Monthly Archives

September 2023

Skin Care and Aging

By Health & Wellness

Your skin changes with age. It becomes thinner, loses fat, and no longer looks as plump and smooth as it once did. Your veins and bones can be seen more easily. Scratches, cuts, or bumps can take longer to heal. Years of suntanning or being out in the sunlight for a long time may lead to wrinkles, dryness, age spots, and even cancer. But there are things you can do to protect your skin and to make it feel and look better.

Dry skin and itching

Many older people suffer from dry spots on their skin, often on their lower legs, elbows, and lower arms. Dry skin patches feel rough and scaly. There are many possible reasons for dry skin, such as:Older woman with healthy aging skin

  • Not drinking enough liquids
  • Spending too much time in the sun or suntanning
  • Being in very dry air
  • Smoking
  • Feeling stress
  • Losing sweat and oil glands, which is common with age

Dry skin also can be caused by health problems, such as diabetes or kidney disease. Using too much soap, antiperspirant, or perfume and taking hot baths can make dry skin worse.

Some medicines can make skin itchy. Because older people have thinner skin, scratching can cause bleeding that may lead to infection. Talk to your doctor if your skin is very dry and itchy.

Here are some ways to help dry, itchy skin:

  • Use moisturizers, like lotions, creams, or ointments, every day.
  • Take fewer baths or showers and use milder soap. Warm water is less drying than hot water. Don’t add bath oil to your water. It can make the tub too slippery.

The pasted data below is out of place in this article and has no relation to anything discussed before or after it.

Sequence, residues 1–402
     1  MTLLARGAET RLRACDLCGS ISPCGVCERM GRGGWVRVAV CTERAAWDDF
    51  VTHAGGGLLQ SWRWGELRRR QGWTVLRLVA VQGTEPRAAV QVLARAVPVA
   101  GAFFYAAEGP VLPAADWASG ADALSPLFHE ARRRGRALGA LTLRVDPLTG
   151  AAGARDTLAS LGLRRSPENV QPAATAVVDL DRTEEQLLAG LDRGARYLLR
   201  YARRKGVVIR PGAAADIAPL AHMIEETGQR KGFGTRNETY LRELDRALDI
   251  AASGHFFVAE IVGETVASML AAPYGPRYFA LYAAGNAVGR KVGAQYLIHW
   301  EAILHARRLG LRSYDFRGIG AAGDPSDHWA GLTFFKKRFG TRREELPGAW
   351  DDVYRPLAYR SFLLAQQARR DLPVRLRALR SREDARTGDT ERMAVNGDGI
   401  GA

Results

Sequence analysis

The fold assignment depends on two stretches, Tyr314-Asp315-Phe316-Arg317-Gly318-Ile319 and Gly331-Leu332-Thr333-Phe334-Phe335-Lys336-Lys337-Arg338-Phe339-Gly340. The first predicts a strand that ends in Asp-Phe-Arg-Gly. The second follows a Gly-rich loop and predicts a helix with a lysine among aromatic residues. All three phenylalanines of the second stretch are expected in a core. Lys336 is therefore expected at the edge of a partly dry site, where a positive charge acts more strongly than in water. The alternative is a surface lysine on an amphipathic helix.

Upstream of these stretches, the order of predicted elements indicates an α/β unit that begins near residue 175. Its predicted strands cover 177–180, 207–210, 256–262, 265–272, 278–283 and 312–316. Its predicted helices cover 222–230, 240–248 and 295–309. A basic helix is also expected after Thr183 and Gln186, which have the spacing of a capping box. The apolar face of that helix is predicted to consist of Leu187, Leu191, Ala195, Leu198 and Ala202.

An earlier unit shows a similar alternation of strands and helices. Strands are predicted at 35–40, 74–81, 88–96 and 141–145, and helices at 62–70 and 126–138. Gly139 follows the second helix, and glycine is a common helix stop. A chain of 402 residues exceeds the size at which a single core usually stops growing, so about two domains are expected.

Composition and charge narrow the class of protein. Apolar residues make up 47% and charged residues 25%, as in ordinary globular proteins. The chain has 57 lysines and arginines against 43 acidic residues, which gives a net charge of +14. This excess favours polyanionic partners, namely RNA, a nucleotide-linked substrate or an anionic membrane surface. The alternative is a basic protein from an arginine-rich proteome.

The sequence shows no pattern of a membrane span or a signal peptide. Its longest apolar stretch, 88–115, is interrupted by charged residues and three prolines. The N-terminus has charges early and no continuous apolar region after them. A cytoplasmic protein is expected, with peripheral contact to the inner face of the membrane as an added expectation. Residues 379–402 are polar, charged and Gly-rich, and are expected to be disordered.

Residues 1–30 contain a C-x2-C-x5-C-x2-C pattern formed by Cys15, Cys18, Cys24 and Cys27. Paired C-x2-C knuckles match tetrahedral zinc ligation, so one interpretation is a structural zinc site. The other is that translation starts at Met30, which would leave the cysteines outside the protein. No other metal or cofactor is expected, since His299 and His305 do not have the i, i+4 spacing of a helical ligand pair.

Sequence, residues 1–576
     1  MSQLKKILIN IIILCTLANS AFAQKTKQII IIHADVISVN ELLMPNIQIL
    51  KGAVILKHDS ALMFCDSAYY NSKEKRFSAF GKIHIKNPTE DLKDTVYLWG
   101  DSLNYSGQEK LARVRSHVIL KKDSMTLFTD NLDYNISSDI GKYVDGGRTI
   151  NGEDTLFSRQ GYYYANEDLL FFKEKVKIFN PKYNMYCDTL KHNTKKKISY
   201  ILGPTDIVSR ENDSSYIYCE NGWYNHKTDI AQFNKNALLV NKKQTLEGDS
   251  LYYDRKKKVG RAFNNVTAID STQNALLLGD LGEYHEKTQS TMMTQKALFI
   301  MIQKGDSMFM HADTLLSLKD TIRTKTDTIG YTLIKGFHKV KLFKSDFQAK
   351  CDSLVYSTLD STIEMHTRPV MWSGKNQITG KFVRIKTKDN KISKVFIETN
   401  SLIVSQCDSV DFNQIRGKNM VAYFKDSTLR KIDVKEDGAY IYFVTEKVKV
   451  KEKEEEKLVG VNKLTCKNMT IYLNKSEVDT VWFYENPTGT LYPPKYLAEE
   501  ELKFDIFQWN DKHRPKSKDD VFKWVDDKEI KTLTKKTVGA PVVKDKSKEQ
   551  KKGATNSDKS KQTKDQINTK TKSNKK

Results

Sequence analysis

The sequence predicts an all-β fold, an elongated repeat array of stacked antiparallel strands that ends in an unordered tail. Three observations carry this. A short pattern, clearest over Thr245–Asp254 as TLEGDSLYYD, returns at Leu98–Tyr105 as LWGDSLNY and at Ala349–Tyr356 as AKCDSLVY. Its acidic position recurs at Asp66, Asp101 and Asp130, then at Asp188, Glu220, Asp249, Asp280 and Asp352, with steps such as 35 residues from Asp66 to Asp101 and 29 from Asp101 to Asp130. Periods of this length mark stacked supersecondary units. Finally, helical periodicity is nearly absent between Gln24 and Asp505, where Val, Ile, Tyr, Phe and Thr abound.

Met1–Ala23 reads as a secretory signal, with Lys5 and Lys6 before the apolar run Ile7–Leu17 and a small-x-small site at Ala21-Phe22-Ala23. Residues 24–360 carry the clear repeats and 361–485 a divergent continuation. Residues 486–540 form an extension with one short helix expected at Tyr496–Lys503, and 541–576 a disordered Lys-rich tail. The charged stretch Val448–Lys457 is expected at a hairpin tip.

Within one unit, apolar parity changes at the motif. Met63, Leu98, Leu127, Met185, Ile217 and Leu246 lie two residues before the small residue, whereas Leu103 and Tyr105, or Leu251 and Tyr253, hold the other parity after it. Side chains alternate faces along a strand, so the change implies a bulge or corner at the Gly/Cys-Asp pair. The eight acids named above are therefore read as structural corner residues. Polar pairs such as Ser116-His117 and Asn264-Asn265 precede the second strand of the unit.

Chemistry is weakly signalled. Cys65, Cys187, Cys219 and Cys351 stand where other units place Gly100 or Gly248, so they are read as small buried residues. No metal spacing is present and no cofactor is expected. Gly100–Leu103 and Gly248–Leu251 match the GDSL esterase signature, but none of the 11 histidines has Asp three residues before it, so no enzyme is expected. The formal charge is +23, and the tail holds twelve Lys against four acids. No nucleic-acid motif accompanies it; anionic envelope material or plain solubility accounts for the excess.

• Try using a humidifier, an appliance that adds moisture to a room.

To learn about other skin care issues that occur with aging, and how to protect your skin, from the National Institute on Aging, CLICK HERE.

When Lying is a Sign of a Health Problem

By Health & Wellness

Memory is a funny thing. We all get details wrong from time to time, misremember or simply have gaps in recall. You may remember eating in a nice Italian restaurant before seeing My Fair Lady but really you ate at that restaurant before seeing Chicago. This kind of memory confusion is normal. But less commonly, because of underlying neurological issues, people will generate false memories with no intent to deceive.

The medical term for this is confabulation. Because the person believes what they’re saying, the term “honest lying” is also used to describe this phenomenon.

Two types of confabulation

Confabulation can be provoked, in response to being asked questions or for details a person can’t quite recall correctly, or spontaneous, when the misremembering is just that — unprompted. This phenomenon is different from delusions, or false beliefs.

The latter, spontaneous confabulation, is rarer, and may point to an underlying medical condition such as Wernicke-Korsakoff syndrome — a neurological disorder that’s caused by a lack of vitamin B1 (thiamine), most frequently from chronic and severe alcohol use. It also can be caused by a range of other conditions, from Alzheimer’s dementia and traumatic brain injury to bipolar disorder and schizophrenia.

Even in cases where the underlying condition is already known, it can be concerning when a loved one suddenly seems be making up stories about the past.

It’s very distressing when you see someone that you love isn’t remembering things or seeing things the way that you do,” says Susan Maixner, M.D., codirector of the geriatric psychiatry program and geriatric psychiatry fellowship director at the University of Michigan. This isn’t just about missing a few details here or there when recalling a shared experience. With confabulation, a person fabricates memories — for example, to fill in holes in what they recall — and believes their version of events completely, Maixner explains.

“They have no awareness that these things didn’t happen, and they’re not trying to lie or deceive anyone,” she emphasizes. Still, the resulting confusion can leave caregivers at a loss.

To learn more about confabulation, and how to respond to ‘honest lying’ from a friend or loved one, from AARP, CLICK HERE.